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Despite Aristotle’s claim in Topics I that all dialectical argument is either syllogism or epagoge, modern scholars have largely neglected to assess the role of epagoge in Platonic dialectic. Though epagoge has no technical use in Plato, I argue that the method of collection (which, along with division [diairesis], is central to many of the dialogues’ accounts of dialectic) functions as the Platonic predecessor to Aristotelian epagoge. An analysis of passages from the Sophist and Statesman suggests that collection is a purificatory practice. I argue that collection is not only Plato’s account of generalization from a sensible many to an intelligible many, as suggested by the Phaedrus, but also functions as a method of diacritical selection that allows inquiry to move from the intelligible many produced by division to the intelligible unity of a definition. This reading contributes a deeper understanding of the mutual relationship of division and collection within Platonic dialectic as well as a way of unifying the accounts of dialectic in the Sophist and Statesman with the otherwise idiosyncratic account of dialectic in the Republic. Finally, this analysis of Platonic epagoge sheds light on the connection between inquiry and argument present in Aristotle’s use of epagoge.
8. Epoché: A Journal for the History of Philosophy: Volume > 23 > Issue: 2
Ronna Burger Eros and Mind: Aristotle on Philosophic Friendship and the Cosmos of Life
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While Plato and Aristotle both recognize the importance of friendship and love, Aristotle seems to be as much the philosopher of philia as Plato is of eros. Aristotle’s extensive discussion of friendship in the Nicomachean Ethics includes only a few scattered remarks about eros. Following the thread of those remarks, however, uncovers a movement from the disparagement of eros, contrasted with friendship of the virtuous, to its elevation as the shared experience of philosophic friendship. In the quite different context of Metaphysics Lambda, eros serves as the model for Aristotle’s famous account of the unmoved mover, where the activity of thought thinking itself provides, as an object of love, the ultimate source of motion in the universe. This paper explores what connection or common ground there may be between the presumably cosmological role of eros directed to the completed activity of mind and its place in Aristotle’s discussion of friendship.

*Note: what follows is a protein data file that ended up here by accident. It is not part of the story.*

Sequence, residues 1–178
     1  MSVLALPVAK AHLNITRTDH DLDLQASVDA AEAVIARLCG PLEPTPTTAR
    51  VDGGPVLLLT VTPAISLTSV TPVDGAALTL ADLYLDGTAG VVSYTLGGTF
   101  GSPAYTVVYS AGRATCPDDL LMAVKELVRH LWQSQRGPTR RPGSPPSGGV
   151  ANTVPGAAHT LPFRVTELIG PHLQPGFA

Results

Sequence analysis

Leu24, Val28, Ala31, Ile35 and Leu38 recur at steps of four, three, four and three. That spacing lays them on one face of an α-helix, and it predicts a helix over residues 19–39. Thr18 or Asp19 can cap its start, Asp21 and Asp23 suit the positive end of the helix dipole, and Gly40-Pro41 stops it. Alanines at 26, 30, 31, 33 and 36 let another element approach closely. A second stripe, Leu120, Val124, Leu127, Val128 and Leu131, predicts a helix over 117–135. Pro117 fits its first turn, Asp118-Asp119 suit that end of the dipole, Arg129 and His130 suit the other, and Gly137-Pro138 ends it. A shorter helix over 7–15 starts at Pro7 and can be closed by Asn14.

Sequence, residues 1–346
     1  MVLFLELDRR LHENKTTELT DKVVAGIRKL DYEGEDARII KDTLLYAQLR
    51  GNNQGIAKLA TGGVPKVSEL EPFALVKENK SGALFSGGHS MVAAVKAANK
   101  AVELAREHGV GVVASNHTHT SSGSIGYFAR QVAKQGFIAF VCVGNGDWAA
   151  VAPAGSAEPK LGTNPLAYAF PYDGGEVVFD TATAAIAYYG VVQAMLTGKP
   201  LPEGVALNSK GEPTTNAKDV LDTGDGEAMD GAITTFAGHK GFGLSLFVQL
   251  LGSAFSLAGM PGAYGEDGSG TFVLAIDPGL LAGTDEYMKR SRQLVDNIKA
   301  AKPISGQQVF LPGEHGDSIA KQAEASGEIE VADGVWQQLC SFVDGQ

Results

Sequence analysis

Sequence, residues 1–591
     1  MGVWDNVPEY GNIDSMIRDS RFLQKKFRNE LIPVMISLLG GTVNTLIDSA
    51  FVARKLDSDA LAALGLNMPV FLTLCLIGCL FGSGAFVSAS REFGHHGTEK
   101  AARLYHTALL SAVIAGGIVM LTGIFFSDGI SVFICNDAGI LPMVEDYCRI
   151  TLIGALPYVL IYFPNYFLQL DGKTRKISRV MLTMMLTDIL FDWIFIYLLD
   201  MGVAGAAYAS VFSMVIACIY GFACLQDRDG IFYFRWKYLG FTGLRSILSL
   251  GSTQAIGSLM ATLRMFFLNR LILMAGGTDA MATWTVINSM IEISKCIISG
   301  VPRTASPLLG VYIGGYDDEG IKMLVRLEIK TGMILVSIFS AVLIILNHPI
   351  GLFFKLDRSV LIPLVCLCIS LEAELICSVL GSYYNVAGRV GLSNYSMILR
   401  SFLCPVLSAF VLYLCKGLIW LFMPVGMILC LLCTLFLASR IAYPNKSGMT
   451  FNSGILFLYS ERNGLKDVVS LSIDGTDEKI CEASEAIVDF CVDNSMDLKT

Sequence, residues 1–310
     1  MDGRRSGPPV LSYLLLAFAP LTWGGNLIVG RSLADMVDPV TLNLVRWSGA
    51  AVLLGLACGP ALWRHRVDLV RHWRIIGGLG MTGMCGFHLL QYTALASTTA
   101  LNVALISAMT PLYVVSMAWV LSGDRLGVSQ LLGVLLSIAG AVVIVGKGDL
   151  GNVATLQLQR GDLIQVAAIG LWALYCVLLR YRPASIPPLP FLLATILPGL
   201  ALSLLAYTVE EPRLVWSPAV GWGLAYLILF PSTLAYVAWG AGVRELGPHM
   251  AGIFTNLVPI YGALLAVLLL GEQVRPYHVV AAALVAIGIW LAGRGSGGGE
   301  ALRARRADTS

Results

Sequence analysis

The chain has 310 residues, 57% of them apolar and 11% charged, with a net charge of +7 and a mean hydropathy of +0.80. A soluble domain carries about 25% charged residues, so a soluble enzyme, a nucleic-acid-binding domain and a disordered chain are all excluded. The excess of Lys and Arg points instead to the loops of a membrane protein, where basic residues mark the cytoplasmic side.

9. Epoché: A Journal for the History of Philosophy: Volume > 23 > Issue: 2
Paul Carron Aristotle on Blaming Animals: Taking the Hardline Approach on Voluntary Action in the Nicomachean Ethics III.1–5
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This essay offers a reconstruction of Aristotle’s account of the voluntary in the Nicomachean Ethics, arguing that the voluntary grounds one notion of responsibility with two levels, and therefore both rational and non-rational animals are responsible for voluntary actions. Aristotle makes no distinction between causal and moral responsibility in the NE; rather, voluntariness and prohairesis form different bases for responsibility and make possible different levels of responsibility, but both levels of responsibility fall within the ethical sphere and are aptly appraised. Important differences between the two levels remain. Animals and children are aptly appraised for direct voluntary actions. Conversely, only adults capable of prohairesis or rational choice are appraised for indirect voluntary actions—psychologically compelled actions that stem from character. Furthermore, while children and animals are responsible for actions, only adults casually contribute to the formation of their characters and thus are aptly appraised for character traits.